To be balanced what follows are headlines from Amazon.com reviews that both debunk and praise Isagenix. Product-by-product, a number of Isagenix shakes, cleanses, supplements, snacks, flushes, and protein powders, enjoyed many high ratings. But the Isagenix 30-day program featured on Amazon — with IsaLean shakes, IsaFlush, energy Accelerator, snacks, brochure and CD — did not fare as well — 2.8 average. The review that 642 of 681 people found most helpful was from ‘Three Paws’ from Utah, who wrote in 2015, “I Drank the Kool-Aid …one woman’s candid impressions of the goods,” said she was “completely turned off by the marketing scheme and have no interest in trying to make money on bringing others in,” the products were, overall all, not ingestible: “I hope my impressions are helpful. Regardless of any potential health benefit, if you can’t ingest the goods, you never have a chance.”
“Big No” (sans all caps and at least four exclamation points) said, “Don’t waste your money. I constantly felt like I was hungry. It made me go into a minor depression because I couldn’t eat and it wasn’t like a detoxing irritation it was a horrifying sadness where I felt like I was torturing my body. All the negative reviews that you’ve read already: TRUST THEM (their caps, not mine) this is a big waste of your money, honey.”
But there were plenty of fair to positive reviews, too.
“Fast and Effective (minus caps and exclamation point) proclaimed, “I love this system. It was easy to follow, made meals convenient, and it made me feel good. Overall on the taste of the shakes, they aren’t the best thing I’ve ever tasted or anything, but they are actually a close second. I usually hate vanilla protein/meal replacement shakes and it ended up being one of my favorites.”
And there’s reviewer Kathy E. Gill who says Isagenix has “worked for me when nothing else did,” adding, “The system is solid, backed by research, and complete with a money-back-offer. What have you got to lose?”
Other sites with Isagenix reviews saw rants from customers that felt they’d be taken, complaints from others who said the products, while maybe effective, were inedible and still plenty more that sounded like they were on the payroll; many reviewers add that they are in fact not on the payroll. So reviews are mixed, but given Isagenix is a successful nutrition business globally with locations in Australia, Singapore, Canada, Hong Kong, Malaysia, Taiwan, Puerto Rico, and Columbia.
Crossed Ts and Dotted Is
Ready to try it? Best to know what are among the most Isagenix FAQs starting with are Isagenix products FDA approved? They don’t have to be since they’re described as dietary supplements and food products and not drugs and biologics. But, the company says it is under FDA jurisdiction for meeting Good Manufacturing Processes.
All Isagenix products are gluten-free except SlimCakes and while some of the products “meet the needs” of a Vegan lifestyle, none are vegan-certified. And, the company claims it uses organic ingredients in a few of its products but claims “not all are organic due to lack of availability or failure to meet standards of our Isagenix “no-compromise quality policy.” Some of its products are Kosher and the company says it doesn’t do animal testing of its products.
A word of caution, and something Isagenix itself recommends, if you have any medical condition where you think, even remotely, that fasting, doing an Isagenix “cleanse” or consuming its supplements may be a problem, definitely speak to your doctor first. And as far as pregnant or breastfeeding women are concerned, just don’t do it. Even the company will admit that pregnancy “… is not the time to diet or cleanse your body,” while suggesting, however, that there are products a woman could use or consume as a supplement to her regular doctor-approved nutrition plan.“Isagenix super foods may be incorporated into a pregnant or breastfeeding mom’s diet” adding in parenthesis, “with healthcare provider’s cooperation.” The list includes its skin care line, vitamins, fiber and snacks and other products like shakes but only as supplemental to a pregnant woman’s regular diet. Bottom line: If you’re pregnant, it’s probably wise to skip Isagenix.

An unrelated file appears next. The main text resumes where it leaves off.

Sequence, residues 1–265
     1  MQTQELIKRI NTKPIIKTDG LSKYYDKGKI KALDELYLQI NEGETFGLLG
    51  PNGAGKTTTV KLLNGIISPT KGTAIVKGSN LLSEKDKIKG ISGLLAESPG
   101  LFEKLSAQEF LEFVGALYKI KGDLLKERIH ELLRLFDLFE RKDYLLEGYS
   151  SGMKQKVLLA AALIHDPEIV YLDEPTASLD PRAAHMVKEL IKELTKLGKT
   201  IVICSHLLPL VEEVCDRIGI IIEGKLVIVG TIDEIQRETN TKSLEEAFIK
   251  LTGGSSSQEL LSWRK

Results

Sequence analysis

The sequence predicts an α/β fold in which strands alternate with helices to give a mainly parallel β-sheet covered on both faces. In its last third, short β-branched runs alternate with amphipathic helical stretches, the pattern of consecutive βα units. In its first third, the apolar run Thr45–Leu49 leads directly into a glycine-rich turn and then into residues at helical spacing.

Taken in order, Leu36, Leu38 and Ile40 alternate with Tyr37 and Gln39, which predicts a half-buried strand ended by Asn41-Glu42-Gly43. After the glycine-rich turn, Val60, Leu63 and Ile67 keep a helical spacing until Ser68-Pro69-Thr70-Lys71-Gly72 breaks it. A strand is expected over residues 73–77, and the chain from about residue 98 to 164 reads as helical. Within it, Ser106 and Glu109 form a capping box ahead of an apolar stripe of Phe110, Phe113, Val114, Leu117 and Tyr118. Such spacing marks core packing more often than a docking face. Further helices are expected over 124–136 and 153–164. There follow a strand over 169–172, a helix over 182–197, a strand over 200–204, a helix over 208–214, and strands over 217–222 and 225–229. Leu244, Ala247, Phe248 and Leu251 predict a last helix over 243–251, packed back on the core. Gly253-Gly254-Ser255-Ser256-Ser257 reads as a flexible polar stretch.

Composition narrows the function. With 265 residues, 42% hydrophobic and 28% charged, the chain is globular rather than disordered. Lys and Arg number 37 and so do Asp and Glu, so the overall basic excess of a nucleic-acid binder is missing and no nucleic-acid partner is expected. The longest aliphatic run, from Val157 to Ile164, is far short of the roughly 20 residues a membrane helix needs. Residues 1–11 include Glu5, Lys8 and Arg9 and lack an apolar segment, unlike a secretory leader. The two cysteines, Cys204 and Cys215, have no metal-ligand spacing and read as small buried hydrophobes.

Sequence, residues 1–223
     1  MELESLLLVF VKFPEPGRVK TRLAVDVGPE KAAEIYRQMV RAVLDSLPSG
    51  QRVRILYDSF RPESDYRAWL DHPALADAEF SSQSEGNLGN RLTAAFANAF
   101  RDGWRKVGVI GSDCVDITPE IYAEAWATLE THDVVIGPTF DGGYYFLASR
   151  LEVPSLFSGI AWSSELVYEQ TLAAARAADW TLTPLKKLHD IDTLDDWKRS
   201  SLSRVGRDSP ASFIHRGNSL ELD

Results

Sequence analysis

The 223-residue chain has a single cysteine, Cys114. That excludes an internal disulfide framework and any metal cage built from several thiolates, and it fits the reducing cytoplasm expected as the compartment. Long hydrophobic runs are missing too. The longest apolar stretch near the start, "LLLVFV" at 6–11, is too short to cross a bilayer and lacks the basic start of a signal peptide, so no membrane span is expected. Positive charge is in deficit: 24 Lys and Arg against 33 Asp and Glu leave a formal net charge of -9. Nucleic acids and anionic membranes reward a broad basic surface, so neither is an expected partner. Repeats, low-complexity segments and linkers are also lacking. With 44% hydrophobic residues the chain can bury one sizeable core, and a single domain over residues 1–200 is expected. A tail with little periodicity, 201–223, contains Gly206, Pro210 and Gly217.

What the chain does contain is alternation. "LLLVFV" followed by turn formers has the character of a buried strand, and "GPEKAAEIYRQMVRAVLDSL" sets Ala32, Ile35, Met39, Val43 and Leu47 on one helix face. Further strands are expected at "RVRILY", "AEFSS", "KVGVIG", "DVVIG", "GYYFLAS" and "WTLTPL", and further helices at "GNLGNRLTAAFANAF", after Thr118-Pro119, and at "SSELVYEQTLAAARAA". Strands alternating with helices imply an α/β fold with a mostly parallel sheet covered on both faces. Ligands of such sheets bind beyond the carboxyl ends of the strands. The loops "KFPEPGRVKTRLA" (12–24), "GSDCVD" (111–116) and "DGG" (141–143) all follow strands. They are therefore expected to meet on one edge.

Athletes have asked if Isagenix products could cause them to fail performance enhancing drug testing. Isagenix says none of their products contain any substances that have been banned by the “World Anti-Doping Agency, or any other professional sports organizations.”
And about refunds –the policy is multi-tiered and rather complex, but bottom line, for regular people (not Isagenix “associates”), if you return what you purchased within 30 days – with some stipulations like you need a Return Merchandise Authorization (RMA), must ship within 7 days of getting the go-ahead and get tracking and insurance from carrier, etc. – you’ll likely be refunded within 30 days. Oh and by the way, no product exchanges.
So there you have it. But if you have questions we haven’t answered, Isagenix has a help email address HelpCenter@IsagenixCorp.com.
What Works if Isagenix Doesn’t?
I have not tried it Isagenix, so I can only report on my findings, but it seems there’s plenty of people that swear by it and the Isagenix distributors that are getting rich selling their products to people like me on the diet rollercoaster.
My advice: use the money for a gym membership, Pilates, an awesome bike, or install an in ground pool (at that price). Or, listen to the experts who have a pretty good handle on what works.
The Cleveland Clinic’s ‘The Very Best Way To Lose Weight & Keep It Off’ keeps it real: to lose weight and keep it off, we have to commit to gradually embrace healthy living by sensibly lowering caloric intake while eating a good balance of nutritious (and delicious) foods and incorporating more activity, you know, getting up and taking a walk. Priceless.
*Please keep in mind that with any diet or weight loss program, individual results will vary.
Top 5 Diets Compared*
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*Individual results will vary.